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Pope says Israel, Palestine must strive toward peace

By Reuters in Vatican City | China Daily | Updated: 2014-06-10 07:30

Presidents Abbas, Peres meet at prayer meeting in 'neutral' area

Pope Francis told Israeli and Palestinian leaders they "must respond" to their people's yearning for peace "undaunted in dialogue" during an unprecedented prayer meeting among Jews, Christians and Muslims at the Vatican on Sunday.

The pope made his vibrant appeal to Israeli President Shimon Peres and his Palestinian counterpart Mahmoud Abbas at the end of a two-hour evening service in the Vatican gardens, an encounter he hopes will relaunch the Middle East peace process.

"Peacemaking calls for courage, much more so than warfare. It calls for the courage to say yes to encounter and no to conflict; yes to dialogue and no to violence; yes to negotiations and no to hostilities," he said.

The pope spoke after Jewish rabbis, Christian cardinals and Muslim imams read and chanted from the Old Testament, the New Testament and the Quran in Italian, English, Hebrew and Arabic in the first such inter-religious event at the Vatican.

At times the chanting made it seem that participants were in a synagogue or outside a mosque in the Middle East rather than a primly manicured triangular lawn, a spot the Vatican chose as a "neutral" site with no religious symbols.

Also present was Patriarch Bartholomew, the senior spiritual representative of the world's 250 million Eastern Orthodox Christians.

In his strong speech in Italian, Francis called for respect for agreements and rejection of acts of provocation. "All of this takes courage, it takes strength and tenacity," he said.

Francis, who made the surprise invitation to the two leaders during his trip to the Holy Land last month, said that the search for peace was "an act of supreme responsibility before our consciences and before our peoples" and noted that millions around the world of all faiths were praying with them for peace.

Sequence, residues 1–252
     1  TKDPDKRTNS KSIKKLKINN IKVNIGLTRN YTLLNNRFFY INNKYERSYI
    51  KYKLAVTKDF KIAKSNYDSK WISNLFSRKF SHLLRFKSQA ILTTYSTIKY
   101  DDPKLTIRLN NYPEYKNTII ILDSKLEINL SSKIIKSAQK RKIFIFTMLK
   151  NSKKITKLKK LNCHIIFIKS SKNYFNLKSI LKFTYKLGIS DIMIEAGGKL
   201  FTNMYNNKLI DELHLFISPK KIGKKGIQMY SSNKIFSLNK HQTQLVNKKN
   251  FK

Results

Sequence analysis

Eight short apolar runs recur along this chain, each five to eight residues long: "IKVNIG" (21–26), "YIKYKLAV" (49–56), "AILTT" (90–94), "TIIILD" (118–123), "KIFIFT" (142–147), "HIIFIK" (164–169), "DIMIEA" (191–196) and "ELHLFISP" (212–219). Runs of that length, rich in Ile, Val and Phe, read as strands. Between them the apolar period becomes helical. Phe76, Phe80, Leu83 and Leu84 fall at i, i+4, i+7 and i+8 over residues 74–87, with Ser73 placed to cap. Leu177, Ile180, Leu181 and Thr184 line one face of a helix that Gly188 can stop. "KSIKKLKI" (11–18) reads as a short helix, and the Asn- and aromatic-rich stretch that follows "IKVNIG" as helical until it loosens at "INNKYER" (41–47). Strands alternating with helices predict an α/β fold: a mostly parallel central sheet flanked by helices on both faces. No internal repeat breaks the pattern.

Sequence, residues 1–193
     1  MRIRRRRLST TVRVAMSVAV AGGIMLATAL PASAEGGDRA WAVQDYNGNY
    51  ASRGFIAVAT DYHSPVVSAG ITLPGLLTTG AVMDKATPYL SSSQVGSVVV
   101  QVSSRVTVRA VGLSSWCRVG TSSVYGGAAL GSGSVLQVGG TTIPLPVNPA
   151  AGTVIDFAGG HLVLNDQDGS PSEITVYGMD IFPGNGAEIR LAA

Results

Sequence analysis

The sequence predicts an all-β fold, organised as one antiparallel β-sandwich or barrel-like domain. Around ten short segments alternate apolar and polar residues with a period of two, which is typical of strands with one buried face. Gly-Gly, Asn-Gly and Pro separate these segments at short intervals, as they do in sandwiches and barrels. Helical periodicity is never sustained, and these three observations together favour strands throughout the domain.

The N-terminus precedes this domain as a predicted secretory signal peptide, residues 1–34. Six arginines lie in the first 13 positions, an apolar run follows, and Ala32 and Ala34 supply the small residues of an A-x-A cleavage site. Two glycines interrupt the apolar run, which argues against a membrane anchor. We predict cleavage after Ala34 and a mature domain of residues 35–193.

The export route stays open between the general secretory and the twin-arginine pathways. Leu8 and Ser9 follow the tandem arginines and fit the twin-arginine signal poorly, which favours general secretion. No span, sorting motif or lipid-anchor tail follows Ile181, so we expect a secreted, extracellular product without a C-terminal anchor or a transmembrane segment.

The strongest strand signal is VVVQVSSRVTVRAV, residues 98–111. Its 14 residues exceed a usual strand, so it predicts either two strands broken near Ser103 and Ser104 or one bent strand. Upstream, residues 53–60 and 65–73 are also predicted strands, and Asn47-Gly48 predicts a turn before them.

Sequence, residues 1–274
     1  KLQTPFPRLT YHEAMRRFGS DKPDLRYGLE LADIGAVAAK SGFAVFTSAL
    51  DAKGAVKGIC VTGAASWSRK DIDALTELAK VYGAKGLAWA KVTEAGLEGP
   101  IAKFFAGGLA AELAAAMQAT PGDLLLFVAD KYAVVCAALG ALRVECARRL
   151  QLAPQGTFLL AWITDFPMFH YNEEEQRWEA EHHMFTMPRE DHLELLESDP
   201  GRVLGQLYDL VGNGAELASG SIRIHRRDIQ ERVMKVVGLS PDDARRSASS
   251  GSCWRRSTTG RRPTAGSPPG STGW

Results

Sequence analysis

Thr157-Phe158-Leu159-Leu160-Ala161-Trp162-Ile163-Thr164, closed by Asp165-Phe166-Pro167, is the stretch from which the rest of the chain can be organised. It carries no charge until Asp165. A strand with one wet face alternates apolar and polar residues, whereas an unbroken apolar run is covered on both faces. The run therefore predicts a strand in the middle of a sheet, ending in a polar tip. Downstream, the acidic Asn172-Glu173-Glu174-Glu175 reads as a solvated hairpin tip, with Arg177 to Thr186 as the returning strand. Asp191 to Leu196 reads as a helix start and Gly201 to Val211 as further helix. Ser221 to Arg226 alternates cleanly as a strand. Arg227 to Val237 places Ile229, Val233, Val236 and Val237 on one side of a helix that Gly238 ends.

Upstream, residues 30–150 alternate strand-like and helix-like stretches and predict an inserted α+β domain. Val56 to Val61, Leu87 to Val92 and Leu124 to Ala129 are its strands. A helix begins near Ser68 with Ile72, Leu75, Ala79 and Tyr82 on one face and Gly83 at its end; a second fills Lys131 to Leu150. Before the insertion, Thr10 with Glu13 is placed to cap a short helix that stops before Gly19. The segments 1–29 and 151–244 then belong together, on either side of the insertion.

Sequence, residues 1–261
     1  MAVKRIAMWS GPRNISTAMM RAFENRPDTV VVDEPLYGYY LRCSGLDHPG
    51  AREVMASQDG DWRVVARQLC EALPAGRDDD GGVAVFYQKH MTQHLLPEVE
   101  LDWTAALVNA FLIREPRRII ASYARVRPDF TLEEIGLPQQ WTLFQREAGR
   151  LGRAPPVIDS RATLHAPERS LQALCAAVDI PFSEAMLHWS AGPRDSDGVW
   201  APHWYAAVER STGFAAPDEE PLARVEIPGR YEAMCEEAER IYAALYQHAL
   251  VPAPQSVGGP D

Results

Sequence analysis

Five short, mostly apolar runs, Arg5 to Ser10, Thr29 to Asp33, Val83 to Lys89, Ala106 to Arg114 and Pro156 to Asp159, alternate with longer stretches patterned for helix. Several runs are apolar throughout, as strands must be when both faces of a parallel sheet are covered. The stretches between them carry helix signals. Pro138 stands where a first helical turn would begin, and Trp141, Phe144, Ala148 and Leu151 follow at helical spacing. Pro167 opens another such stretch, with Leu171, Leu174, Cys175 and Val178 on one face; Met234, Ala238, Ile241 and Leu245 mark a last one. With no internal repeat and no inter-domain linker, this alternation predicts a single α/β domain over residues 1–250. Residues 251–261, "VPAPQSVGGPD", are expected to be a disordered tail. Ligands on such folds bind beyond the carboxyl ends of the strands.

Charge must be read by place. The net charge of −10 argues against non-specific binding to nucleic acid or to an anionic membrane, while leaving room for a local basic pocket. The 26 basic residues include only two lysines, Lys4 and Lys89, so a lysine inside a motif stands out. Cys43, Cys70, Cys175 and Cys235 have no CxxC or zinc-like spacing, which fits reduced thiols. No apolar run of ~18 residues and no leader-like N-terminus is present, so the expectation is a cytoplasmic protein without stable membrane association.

'Spiral of hatred'

"We have heard a summons and we must respond. It is the summons to break the spiral of hatred and violence, and to break it by one word alone: the word 'brother'," the pope said as Peres and Abbas listened intently and read the live translations.

He said the children who have been the innocent victims of wars and conflicts made the search for peace an imperative. "The memory of these children instills in us the courage of peace, the strength to persevere undaunted in dialogue," Francis said.

It was the first public meeting between the two presidents in more than a year and took place more than a month after US-led peace talks collapsed amid bitter mutual recrimination.

Peres, who is 90 years old and whose mandate expires next month, departed from his prepared speech in English and Hebrew to say that he was an old man who had "seen war" and "tasted peace" and that all leaders owed their children a better future.

Abbas prayed to God "to bring comprehensive and just peace to our country and region so that our people and the peoples of the Middle East and the whole world would enjoy the fruit of peace, stability and coexistence".

The pope, the two presidents and Bartholomew then planted an olive tree and members of each delegation shook hands as music played. The four later held private talks for about 20 minutes before the two presidents left the Vatican.

The Vatican has played down any expectations that the meeting - billed as a "pause from politics" - will lead to any immediate breakthroughs in efforts to solve the region's tortuous problems and says it is not meddling in regional issues and does not want to get involved in details of negotiations.

 Pope says Israel, Palestine must strive toward peace

From left: Israeli President Shimon Peres, Orthodox Patriarch Bartholomew, Pope Francis and Palestinian President Mahmoud Abbas leave after a joint peace prayer in the Vatican's gardens on Sunday. Max Rossi / Agence France-Presse

(China Daily 06/10/2014 page12)

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